To the annoyance of some shareholders, MGM Resorts International (NYSE:MGM) shares are down a considerable 36% in the last month. Even longer term holders have taken a real hit with the stock declining 22% in the last year.
Assuming nothing else has changed, a lower share price makes a stock more attractive to potential buyers. In the long term, share prices tend to follow earnings per share, but in the short term prices bounce around in response to short term factors (which are not always obvious). So, on certain occasions, long term focussed investors try to take advantage of pessimistic expectations to buy shares at a better price. One way to gauge market expectations of a stock is to look at its Price to Earnings Ratio (PE Ratio). Investors have optimistic expectations of companies with higher P/E ratios, compared to companies with lower P/E ratios.
Does MGM Resorts International Have A Relatively High Or Low P/E For Its Industry?
We can tell from its P/E ratio of 5.28 that sentiment around MGM Resorts International isn’t particularly high. We can see in the image below that the average P/E (20.2) for companies in the hospitality industry is higher than MGM Resorts International’s P/E.
Its relatively low P/E ratio indicates that MGM Resorts International shareholders think it will struggle to do as well as other companies in its industry classification. Since the market seems unimpressed with MGM Resorts International, it’s quite possible it could surprise on the upside. If you consider the stock interesting, further research is recommended. For example, I often monitor director buying and selling.
How Growth Rates Impact P/E Ratios
Probably the most important factor in determining what P/E a company trades on is the earnings growth. Earnings growth means that in the future the ‘E’ will be higher. And in that case, the P/E ratio itself will drop rather quickly. A lower P/E should indicate the stock is cheap relative to others — and that may attract buyers.
In the last year, MGM Resorts International grew EPS like Taylor Swift grew her fan base back in 2010; the 377% gain was both fast and well deserved. Even better, EPS is up 26% per year over three years. So we’d absolutely expect it to have a relatively high P/E ratio.
A Limitation: P/E Ratios Ignore Debt and Cash In The Bank
One drawback of using a P/E ratio is that it considers market capitalization, but not the balance sheet. So it won’t reflect the advantage of cash, or disadvantage of debt. Hypothetically, a company could reduce its future P/E ratio by spending its cash (or taking on debt) to achieve higher earnings.
Spending on growth might be good or bad a few years later, but the point is that the P/E ratio does not account for the option (or lack thereof).
How Does MGM Resorts International’s Debt Impact Its P/E Ratio?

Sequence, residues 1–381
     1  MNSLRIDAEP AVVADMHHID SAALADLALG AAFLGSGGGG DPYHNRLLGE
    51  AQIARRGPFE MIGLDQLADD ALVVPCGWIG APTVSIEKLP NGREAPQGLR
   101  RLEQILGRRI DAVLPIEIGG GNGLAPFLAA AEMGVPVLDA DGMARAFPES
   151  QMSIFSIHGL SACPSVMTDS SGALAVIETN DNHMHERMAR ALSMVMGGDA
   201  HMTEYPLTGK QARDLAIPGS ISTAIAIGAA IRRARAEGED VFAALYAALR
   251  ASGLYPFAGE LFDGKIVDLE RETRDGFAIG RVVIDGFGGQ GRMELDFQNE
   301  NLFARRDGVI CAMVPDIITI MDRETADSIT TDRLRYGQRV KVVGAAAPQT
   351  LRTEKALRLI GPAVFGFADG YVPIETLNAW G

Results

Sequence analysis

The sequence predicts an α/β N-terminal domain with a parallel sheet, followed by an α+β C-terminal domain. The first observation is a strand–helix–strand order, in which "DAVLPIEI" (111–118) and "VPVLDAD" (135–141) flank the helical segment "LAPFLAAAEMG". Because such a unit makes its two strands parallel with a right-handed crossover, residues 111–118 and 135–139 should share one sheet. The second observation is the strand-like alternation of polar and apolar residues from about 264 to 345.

Net debt totals 87% of MGM Resorts International’s market cap. This is a reasonably significant level of debt — all else being equal you’d expect a much lower P/E than if it had net cash.
The Verdict On MGM Resorts International’s P/E Ratio
MGM Resorts International’s P/E is 5.3 which is below average (16.6) in the US market. The company may have significant debt, but EPS growth was good last year. If the company can continue to grow earnings, then the current P/E may be unjustifiably low. What can be absolutely certain is that the market has become more pessimistic about MGM Resorts International over the last month, with the P/E ratio falling from 8.3 back then to 5.3 today. For those who prefer to invest with the flow of momentum, that might be a bad sign, but for deep value investors this stock might justify some research.
When the market is wrong about a stock, it gives savvy investors an opportunity. As value investor Benjamin Graham famously said, ‘In the short run, the market is a voting machine but in the long run, it is a weighing machine. So this free report on the analyst consensus forecasts could help you make a master move on this stock.
You might be able to find a better buy than MGM Resorts International. If you want a selection of possible winners, check out this free list of interesting companies that trade on a P/E below 20 (but have proven they can grow earnings).
If you spot an error that warrants correction, please contact the editor at firstname.lastname@example.org. This article by Simply Wall St is general in nature. It does not constitute a recommendation to buy or sell any stock, and does not take account of your objectives, or your financial situation. Simply Wall St has no position in the stocks mentioned.
We aim to bring you long-term focused research analysis driven by fundamental data. Note that our analysis may not factor in the latest price-sensitive company announcements or qualitative material. Thank you for reading.